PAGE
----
4.4 Great places

Figure 17 Greater Cambridge's heritage and design successes

fig17 p

Cambridge is an iconic historic centre of national significance. It is surrounded by a rural area with a unique landscape character, from the Greensand Ridge to the Fens. Greater Cambridge contains over 100 villages which are treasured for their architectural heritage and distinctive qualities, making them very desirable places to live and to visit.

There has been considerable growth in Greater Cambridge over recent years, and we have a track record as a place where contemporary design and the historic environment co-exist in harmony. The aim has always been to achieve high quality developments, and there have been many award-winning projects.

In planning for future new development, we need to consider how the next plan will protect and respond to the landscapes and townscapes that make our area special. We must not just protect the best places created by past generations – we should be creating outstanding new buildings and landscapes that will become the treasured heritage of future generations.

Question

(86) 21. How should the Local Plan protect our heritage and ensure new development is well-designed?

4.4.1 What do we have to do?

National planning policy states that good design is a key aspect of sustainable development, creating better places in which to live and work, and more support for development among communities. Plans should set out a clear design vision and expectations of developers, including place-specific design guidance and design codes where appropriate. The plan will also need to respond to the new National Design Guide[40].

Local Plans should contribute to and enhance the natural and local environment. This includes protecting and enhancing landscape and townscape, and the historic environment such as listed buildings and conservation areas.

4.4.2 What are we already doing?

The adopted 2018 Local Plans include policies seeking to secure good design through new developments, and these are supplemented by detailed design guidance, including joint guidance regarding sustainable design and construction, and an ongoing programme of conservation area appraisals.

The Cambridgeshire Quality Charter for Growth[41], developed by Cambridgeshire local authorities and partners, sets out key principles to improve the quality of new developments under the four broad themes of community, connectivity, climate and character. This has been reviewed by the Combined Authority in July 2019, with an additional fifth topic of cohesion, addressing measures to help create socially inclusive communities.

Cambridge City Council is also developing a Making Space for People supplementary planning document[42] for central Cambridge. This will be used to prioritise the delivery of improvements to key public spaces. South Cambridgeshire District Council is working with communities to develop individual Village Design Guides[43].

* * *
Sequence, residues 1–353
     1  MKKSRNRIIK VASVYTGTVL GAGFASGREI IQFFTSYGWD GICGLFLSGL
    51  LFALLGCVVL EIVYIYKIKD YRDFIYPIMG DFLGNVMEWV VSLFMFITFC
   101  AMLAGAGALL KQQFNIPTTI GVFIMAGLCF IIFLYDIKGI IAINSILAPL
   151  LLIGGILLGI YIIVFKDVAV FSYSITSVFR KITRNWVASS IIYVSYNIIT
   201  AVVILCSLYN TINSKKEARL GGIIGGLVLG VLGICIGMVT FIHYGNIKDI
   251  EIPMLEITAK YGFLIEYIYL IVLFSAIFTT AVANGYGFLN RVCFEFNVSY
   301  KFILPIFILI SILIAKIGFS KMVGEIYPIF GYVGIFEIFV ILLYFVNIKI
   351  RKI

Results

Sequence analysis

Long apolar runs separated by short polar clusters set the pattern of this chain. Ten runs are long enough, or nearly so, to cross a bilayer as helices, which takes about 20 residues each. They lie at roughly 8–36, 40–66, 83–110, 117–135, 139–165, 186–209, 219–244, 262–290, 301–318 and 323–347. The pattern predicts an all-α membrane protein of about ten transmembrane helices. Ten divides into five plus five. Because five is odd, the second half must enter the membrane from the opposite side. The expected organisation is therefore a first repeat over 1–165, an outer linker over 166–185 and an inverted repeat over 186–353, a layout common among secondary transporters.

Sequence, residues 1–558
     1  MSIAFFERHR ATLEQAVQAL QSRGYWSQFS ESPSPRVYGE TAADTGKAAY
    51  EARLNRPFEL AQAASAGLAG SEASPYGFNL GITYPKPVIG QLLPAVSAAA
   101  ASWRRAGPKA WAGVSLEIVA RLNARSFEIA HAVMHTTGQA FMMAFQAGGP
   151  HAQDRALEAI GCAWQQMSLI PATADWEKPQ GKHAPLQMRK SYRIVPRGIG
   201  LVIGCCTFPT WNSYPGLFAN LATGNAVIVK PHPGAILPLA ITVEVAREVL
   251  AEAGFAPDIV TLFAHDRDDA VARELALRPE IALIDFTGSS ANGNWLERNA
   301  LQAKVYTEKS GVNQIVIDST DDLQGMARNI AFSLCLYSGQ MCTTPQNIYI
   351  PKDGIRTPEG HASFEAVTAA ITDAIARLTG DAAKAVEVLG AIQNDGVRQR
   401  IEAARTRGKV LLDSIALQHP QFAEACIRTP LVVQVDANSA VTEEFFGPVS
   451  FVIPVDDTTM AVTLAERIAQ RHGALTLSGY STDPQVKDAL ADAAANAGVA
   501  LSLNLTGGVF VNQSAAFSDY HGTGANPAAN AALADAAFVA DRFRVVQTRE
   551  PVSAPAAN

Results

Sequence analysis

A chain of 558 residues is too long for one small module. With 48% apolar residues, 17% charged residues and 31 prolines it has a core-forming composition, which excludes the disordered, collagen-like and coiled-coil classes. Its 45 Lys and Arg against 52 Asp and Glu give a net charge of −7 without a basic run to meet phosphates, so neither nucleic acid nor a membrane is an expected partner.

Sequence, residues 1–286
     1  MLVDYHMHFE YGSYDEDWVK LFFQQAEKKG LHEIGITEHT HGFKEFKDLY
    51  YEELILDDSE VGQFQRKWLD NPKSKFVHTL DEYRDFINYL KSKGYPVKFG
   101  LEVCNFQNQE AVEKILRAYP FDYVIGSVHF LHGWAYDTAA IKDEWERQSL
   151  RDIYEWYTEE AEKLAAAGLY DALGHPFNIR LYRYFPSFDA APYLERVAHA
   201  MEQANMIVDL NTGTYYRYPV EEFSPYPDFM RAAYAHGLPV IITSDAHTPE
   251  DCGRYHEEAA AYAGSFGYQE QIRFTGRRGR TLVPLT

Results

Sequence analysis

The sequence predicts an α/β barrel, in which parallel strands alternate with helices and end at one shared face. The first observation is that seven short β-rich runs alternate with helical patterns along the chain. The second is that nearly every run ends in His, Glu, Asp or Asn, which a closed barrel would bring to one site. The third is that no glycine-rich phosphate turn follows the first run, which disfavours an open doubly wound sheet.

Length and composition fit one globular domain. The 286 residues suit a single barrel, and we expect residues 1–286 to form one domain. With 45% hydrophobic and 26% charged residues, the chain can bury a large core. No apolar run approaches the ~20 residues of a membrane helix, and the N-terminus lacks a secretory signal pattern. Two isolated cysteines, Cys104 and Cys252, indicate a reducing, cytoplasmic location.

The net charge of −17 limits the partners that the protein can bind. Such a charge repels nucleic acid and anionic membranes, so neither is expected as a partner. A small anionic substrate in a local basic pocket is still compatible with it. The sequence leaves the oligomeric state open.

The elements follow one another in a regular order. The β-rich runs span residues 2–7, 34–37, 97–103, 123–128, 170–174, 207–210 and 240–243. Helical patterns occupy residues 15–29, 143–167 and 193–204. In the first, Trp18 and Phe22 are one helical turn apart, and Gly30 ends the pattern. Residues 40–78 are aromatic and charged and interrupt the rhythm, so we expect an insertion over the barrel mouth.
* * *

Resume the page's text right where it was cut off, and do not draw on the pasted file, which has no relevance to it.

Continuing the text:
4.4.3 What are the key issues?

Protecting the best of what already exists

In planning for the future it will be important to protect what is best about the landscape and townscape of Greater Cambridge, including the many important historic buildings, conservation areas, and historic landscapes. We will need to consider:

  • How to balance heritage protection with the demands of growth.
  • How to ensure that our historic buildings have viable uses, so they can be maintained and safeguarded.
  • How to balance public access to heritage with protecting sensitive sites from harm.
  • How to sustain our historic landscapes while increasing biodiversity and adapting to climate change.
  • How we can help historic buildings adapt to climate change whilst maintaining their heritage value.
  • Ensuring local distinctiveness is maintained and enhanced.

Question

(80) 22. How do you think we should protect, enhance and adapt our historic buildings and landscapes?

Creating beautiful new buildings and places

We must not just protect the best places created by past generations – we should be creating outstanding new buildings and landscapes that will become the treasured heritage of future generations. 'Place-making' – creating and sustaining a positive and distinctive character in an area – is also important to our economic success, and this was identified by the Cambridge and Peterborough Independent Economic Review (CPIER)[44]. Some of the key issues we need to consider include:

  • How successful our existing design policies have been in 'place-making' and ensuring quality.
  • How to design and enhance public space.
  • Continuing to benefit from the clear approach to design principles provided by the Cambridgeshire Quality Charter for Growth.
  • How both the 'special' landmark buildings, and more everyday structures such as homes, shops, business units and infrastructure, can contribute to a positive sense of place and local identity through their design.
  • How designing for climate change mitigation and climate change adaptation can be an opportunity to create distinctive and characterful developments.

Question

(114) 23. How do you think we could ensure that new development is as well-designed as possible?


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